The rejection of R.A. Fisher’s groundbreaking paper defining variance seems to be one of the bigger mistakes of peer review:
Fisher completed his paper on Mendelism and biometry by June 1916 and submitted the paper to the Royal Society of London for publication. The referees suggested it be withdrawn. He subsequently submitted the paper to the Royal Society of Edinburgh, which with his financial assistance published it on 1 October 1918 under the title “The Correlation between Relatives on the Supposition of Mendelian Inheritance.”
- The Origins of Theoretical Population Genetics, William Provine (1971), p. 144
This paper has 2439 citations according to Google (which sounds extremely low), as well as its own Wikipedia page. I’d call that a success.
In addition to its importance in statistics, the paper was a key landmark in the synthesis of genetics, evolution, and biometry.
A few days ago, a colleague of mine was visiting. When I say colleague, I clearly mean friend that is also a biologist, but I like to pretend that we’re not just up all night drinking and talking about polyandry in frogs. Amidst the usual back and forth game of “no way…did you see that new species they found in wherever”, he mentioned a backwards butterfly. “Did you know about the butterfly that has coloration on its wings to make it look like it’s backwards?” …”uh…no…is that really a thing?”
Photo Credit:Rick Cech
Tambopata Research Center, Peru
When my friend shared the picture I had no reply (which almost never happens). Damn. Evolution you are amazing. High five natural selection…high fives all around.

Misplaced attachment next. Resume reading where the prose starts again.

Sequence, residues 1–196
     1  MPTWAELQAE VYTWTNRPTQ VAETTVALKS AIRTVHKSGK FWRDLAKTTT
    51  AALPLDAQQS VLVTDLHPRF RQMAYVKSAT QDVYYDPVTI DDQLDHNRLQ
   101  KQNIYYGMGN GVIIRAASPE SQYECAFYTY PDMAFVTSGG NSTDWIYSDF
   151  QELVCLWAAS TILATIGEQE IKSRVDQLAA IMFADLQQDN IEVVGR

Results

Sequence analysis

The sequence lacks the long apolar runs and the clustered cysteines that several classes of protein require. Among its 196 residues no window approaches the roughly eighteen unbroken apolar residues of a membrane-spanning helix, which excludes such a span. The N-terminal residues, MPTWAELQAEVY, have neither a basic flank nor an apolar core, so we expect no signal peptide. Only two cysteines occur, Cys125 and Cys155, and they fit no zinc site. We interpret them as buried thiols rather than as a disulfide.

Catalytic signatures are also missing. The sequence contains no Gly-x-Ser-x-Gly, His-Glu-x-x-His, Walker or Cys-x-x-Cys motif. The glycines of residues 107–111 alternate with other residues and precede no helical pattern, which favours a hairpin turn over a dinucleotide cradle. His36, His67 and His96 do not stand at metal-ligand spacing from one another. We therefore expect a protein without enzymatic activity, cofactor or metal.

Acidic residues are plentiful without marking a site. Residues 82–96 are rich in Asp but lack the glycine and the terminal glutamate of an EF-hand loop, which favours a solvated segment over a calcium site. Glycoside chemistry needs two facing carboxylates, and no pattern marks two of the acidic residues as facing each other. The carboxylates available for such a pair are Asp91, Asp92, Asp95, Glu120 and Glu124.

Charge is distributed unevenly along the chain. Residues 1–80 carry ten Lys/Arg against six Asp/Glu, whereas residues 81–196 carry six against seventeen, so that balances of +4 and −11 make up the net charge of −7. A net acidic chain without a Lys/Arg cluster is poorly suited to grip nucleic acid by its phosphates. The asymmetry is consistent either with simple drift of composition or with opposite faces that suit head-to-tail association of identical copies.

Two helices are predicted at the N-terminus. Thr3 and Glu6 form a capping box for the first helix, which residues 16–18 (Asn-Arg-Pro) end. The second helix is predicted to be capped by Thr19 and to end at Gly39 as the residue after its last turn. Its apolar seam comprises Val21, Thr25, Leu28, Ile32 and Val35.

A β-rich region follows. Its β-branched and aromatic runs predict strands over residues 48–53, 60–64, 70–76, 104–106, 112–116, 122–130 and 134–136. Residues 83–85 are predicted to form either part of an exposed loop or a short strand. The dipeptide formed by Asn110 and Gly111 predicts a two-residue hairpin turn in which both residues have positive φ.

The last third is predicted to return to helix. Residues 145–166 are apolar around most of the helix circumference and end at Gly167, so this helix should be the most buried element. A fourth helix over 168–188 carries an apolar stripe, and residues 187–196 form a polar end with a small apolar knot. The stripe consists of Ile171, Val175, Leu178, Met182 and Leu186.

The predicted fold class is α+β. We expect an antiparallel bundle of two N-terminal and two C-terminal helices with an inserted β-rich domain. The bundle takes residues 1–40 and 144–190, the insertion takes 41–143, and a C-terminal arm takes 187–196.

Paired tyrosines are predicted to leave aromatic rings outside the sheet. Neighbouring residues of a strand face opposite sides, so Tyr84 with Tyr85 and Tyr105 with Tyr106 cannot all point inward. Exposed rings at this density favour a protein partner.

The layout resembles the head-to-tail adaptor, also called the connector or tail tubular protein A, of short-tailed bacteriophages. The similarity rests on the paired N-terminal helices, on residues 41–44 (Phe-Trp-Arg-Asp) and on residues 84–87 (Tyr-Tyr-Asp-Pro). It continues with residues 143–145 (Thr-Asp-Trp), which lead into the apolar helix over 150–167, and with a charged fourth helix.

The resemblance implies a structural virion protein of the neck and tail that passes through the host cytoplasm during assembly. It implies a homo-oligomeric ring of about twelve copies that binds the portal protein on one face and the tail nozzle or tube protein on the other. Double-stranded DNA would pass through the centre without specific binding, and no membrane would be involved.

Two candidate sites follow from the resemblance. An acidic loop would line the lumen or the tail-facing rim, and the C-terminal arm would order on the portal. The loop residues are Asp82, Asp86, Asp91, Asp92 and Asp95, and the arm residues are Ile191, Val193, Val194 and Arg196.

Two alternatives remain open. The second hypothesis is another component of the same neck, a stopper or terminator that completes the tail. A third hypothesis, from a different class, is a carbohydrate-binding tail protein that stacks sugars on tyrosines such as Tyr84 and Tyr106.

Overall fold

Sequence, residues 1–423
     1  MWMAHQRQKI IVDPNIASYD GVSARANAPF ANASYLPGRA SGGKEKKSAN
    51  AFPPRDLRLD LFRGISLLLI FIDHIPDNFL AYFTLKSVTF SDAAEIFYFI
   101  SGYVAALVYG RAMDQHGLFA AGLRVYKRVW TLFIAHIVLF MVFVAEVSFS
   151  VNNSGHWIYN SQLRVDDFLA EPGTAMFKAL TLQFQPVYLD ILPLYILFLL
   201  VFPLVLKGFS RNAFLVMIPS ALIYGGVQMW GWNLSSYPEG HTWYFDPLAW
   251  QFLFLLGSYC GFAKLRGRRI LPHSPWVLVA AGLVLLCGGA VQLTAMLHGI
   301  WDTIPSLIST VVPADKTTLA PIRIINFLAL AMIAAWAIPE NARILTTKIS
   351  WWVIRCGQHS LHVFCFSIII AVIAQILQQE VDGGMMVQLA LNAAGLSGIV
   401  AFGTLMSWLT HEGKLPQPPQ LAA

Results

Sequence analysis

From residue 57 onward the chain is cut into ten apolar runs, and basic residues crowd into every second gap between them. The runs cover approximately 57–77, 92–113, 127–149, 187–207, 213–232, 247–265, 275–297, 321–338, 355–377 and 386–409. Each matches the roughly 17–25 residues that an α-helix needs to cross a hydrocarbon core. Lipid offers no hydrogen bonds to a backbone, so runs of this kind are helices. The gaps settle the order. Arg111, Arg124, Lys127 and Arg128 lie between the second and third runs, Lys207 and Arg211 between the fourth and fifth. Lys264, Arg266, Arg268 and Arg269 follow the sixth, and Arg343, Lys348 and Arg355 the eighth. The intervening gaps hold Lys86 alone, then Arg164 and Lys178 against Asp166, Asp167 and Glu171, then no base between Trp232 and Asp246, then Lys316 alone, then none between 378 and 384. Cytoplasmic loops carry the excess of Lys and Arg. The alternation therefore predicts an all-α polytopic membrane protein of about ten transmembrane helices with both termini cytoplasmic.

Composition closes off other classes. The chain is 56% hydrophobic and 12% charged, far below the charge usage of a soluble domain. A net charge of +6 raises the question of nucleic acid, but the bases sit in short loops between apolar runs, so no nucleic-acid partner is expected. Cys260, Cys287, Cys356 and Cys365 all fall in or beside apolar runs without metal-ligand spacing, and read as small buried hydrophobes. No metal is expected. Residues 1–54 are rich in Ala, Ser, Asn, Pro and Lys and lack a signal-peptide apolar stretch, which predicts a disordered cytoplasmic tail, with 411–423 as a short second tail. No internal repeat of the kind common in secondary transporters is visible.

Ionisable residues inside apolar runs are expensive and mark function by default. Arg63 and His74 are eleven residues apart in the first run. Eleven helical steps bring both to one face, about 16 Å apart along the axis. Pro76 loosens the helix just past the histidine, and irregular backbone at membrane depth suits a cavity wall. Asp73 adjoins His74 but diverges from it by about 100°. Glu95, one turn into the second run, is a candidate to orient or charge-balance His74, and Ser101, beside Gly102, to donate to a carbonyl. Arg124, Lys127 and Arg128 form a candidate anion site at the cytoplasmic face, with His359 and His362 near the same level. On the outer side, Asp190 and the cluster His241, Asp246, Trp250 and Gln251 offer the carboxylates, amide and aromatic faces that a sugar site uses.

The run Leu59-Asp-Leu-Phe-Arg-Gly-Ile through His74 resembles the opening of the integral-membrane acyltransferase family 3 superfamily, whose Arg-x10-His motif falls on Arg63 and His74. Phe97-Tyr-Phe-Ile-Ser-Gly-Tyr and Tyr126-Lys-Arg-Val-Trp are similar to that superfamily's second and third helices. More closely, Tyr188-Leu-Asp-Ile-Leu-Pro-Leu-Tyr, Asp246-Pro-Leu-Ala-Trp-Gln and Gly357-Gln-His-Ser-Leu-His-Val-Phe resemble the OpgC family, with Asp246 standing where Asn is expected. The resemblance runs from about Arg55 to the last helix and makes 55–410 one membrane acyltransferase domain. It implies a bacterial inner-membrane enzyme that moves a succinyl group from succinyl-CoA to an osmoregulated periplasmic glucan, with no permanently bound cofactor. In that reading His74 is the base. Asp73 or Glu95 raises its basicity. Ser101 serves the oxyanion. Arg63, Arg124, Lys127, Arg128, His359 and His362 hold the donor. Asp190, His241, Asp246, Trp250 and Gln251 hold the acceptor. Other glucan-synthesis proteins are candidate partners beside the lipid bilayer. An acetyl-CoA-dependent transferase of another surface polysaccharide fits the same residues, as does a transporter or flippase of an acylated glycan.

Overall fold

Behold the Zebra Hairstreak (Panthiades bathildis)… Not only are the stripes on the wings going the wrong way, but the ends of the wings look like antennae. Continue reading
Happening at the U of Chicago today is the ASBMB meeting “Evolution and Core Processes in Gene Regulation”. The attendees here are an eclectic mix of evolutionary geneticists, systems biologists, developmental biologists, and hard core biochemists. So far the result has been fascinating, as Ian Dworkin over at Genes Gone Wild tells us.
Follow the meeting over at #genereg, where Ian has done a great job summarizing the talks in real time.
I’ll try to chime in occasionally during today’s talks (@genologos) and put up some more in depth thoughts on my favorite bits here.
First, Pascal the cat thought the book was a guide to eating fish. Then, he thought it was a guide to eating Tiktaalik, a fish with leg-like limbs that is closely related to the ancestor of all land-dwelling vertebrates (amphibians, reptiles, mammals, and dinosaurs).
No, Pascal. Your inner fish is the anatomical similarities you have with fish, because you share a common ancestor with them deep in the past. Though you may think you’re a superior being to your pet hooman, you share the same common ancestor with him, from the first life on Earth until sometime in the Jurassic Period, when all mammals were about the size of your cat toys.